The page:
SEA 5000 decision believed imminent
The Government’s National Security Committee of Cabinet reportedly met on May 22 to consider the way forward for Defence’s $35 billion SEA 5000 Future Frigate project to replace the RAN’s eight Anzac class vessels.
Three designs were shortlisted in April 2016 for the project – BAE Systems’ Type 26 Global Combat Ship, the Fincantieri FREMM, and the Navantia F5000 development of the F100/Hobart class destroyer.
While some commentators have predicted a decision on the winning contender might be announced the week of the NSC meeting, others have predicted that the shortlist may be further reduced to two, and that the remaining two contenders may be asked to go away and come back with a ‘best and final’ price.
Commentators have pointed out that capability should be the prime consideration in making the decision, as long as the winning bid also conforms to project pricing and industrial requirements.
“It’s important that the Navy gets the best capability to deal with the proliferating number of quiet, lethal, modern submarines in our region,” an Australian Strategic Policy Institute (ASPI) The Strategist paper published on May 21 reads.
“But as important in a different way, who wins the project and how they work with Australian firms will define our shipbuilding industry for decades.
“From the information ASPI has about the three ships, all three do what the Navy wants pretty well, so there’s probably no clear winner just on capability.”
The FREMM (below) is the most mature of the three designs, with several vessels of the Italian design in service with the Italian Navy, and several more in service or on order with the navies of France, Egypt and Morocco. It also features two helicopter hangars compared to just a single hangar on the other two designs.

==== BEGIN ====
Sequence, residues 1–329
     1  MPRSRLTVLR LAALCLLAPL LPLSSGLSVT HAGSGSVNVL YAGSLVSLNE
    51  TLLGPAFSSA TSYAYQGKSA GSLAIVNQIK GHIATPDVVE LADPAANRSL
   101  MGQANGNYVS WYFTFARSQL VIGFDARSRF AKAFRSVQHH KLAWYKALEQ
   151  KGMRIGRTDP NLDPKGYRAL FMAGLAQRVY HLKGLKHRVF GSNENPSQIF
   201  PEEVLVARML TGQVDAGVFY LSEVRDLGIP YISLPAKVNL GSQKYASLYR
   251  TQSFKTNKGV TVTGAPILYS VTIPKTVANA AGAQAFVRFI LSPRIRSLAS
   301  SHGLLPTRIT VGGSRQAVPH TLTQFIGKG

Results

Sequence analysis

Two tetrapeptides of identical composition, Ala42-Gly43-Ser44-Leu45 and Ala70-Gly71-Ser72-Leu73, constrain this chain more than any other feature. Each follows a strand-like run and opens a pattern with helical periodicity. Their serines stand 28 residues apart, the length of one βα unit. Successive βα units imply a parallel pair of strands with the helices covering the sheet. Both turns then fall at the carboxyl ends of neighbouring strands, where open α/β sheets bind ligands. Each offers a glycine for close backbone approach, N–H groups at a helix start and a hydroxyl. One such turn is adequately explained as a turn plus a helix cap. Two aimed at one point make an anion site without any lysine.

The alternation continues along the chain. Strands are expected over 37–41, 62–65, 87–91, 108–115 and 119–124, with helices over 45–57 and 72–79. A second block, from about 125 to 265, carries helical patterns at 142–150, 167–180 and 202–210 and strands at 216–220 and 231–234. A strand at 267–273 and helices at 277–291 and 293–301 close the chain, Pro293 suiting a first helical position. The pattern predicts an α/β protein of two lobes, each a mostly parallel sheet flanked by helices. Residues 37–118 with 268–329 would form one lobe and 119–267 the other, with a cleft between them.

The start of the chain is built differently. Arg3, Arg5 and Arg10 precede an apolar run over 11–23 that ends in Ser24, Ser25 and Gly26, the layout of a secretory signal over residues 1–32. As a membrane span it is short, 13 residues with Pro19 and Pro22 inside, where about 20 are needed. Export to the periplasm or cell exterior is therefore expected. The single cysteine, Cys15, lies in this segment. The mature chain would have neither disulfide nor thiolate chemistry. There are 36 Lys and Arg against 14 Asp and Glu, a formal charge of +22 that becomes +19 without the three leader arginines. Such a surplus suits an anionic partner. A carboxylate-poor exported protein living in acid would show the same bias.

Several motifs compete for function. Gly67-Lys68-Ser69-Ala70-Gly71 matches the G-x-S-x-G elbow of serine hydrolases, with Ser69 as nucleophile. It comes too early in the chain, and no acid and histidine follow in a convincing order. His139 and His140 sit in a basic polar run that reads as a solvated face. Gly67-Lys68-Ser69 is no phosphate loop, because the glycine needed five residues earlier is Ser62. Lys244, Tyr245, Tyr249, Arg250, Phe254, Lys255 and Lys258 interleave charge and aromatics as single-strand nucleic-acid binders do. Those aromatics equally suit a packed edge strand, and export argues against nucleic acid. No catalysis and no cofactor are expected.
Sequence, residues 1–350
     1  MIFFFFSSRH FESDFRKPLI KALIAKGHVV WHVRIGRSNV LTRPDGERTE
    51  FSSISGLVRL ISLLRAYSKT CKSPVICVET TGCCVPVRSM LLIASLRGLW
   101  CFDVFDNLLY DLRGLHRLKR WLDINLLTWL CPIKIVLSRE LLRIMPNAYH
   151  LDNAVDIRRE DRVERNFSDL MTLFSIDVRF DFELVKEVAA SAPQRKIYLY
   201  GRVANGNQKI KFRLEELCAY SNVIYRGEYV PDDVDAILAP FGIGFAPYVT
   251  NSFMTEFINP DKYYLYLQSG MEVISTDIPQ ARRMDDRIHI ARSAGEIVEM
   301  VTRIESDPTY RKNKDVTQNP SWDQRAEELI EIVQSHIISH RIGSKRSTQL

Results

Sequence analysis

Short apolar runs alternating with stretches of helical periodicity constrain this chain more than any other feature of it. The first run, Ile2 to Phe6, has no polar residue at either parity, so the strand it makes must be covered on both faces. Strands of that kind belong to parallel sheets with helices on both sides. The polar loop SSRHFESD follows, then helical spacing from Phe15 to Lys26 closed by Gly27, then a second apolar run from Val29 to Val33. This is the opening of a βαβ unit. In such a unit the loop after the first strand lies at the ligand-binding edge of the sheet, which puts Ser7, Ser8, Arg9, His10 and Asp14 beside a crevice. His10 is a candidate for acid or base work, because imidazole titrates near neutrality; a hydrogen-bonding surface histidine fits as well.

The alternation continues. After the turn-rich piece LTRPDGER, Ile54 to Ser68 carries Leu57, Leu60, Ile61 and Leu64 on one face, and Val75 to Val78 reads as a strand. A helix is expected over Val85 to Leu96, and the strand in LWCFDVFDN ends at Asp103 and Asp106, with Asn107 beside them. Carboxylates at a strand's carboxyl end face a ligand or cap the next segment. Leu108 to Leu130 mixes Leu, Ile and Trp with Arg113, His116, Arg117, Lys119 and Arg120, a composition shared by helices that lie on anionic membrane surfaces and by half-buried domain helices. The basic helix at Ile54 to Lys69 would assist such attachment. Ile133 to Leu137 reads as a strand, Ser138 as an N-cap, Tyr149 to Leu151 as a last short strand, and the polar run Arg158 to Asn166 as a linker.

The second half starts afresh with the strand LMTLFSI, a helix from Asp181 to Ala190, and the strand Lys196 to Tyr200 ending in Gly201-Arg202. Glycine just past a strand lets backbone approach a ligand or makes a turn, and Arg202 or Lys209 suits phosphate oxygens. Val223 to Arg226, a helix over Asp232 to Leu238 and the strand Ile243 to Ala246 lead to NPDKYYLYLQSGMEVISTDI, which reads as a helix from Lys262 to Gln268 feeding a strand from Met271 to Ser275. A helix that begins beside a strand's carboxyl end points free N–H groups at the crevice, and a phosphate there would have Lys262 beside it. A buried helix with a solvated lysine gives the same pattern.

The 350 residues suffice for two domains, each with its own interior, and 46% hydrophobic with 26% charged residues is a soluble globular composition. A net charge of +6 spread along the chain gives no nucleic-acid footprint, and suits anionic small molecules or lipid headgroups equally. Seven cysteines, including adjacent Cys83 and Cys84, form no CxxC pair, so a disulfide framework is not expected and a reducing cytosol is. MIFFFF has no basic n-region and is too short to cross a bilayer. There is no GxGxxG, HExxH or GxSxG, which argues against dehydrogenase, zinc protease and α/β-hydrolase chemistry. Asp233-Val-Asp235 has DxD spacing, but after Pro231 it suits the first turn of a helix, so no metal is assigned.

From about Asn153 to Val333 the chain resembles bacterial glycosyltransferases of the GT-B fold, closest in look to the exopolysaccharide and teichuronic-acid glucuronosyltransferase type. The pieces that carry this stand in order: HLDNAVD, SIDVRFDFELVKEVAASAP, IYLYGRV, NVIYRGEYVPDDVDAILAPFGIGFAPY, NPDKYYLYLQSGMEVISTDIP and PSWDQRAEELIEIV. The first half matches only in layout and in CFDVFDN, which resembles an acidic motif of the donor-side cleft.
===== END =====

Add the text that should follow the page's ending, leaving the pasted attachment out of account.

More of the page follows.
The F5000 (below) will utilise the familiar hull and propulsion systems of the Hobart class, but will incorporate anti-submarine warfare-specific mission equipment and other modifications. Arguments that Navantia already has a workforce in place after recently completing the Hobart class major builds are somewhat misleading, as the workforce is employed by the Osborne Shipyard where the new vessels will also be built.
The Type 26 (below) has been reported as being the most expensive of the three, but it also arguably offers the most capability. The lead ship for the UK’s Royal Navy is currently under construction, and the RAN’s first ship will be the fourth of class.
Perhaps most interesting are reports that, during the recent Commonwealth Heads of Government Meeting (CHOGM), BAE’s bid received extensive backing from the British government which is keen to engage in a free trade agreement with Australia in the wake of its exit from Europe. There are also reports that the UK is interested in acquiring military equipment of Australian origin which could also be linked to any Type 26 acquisition.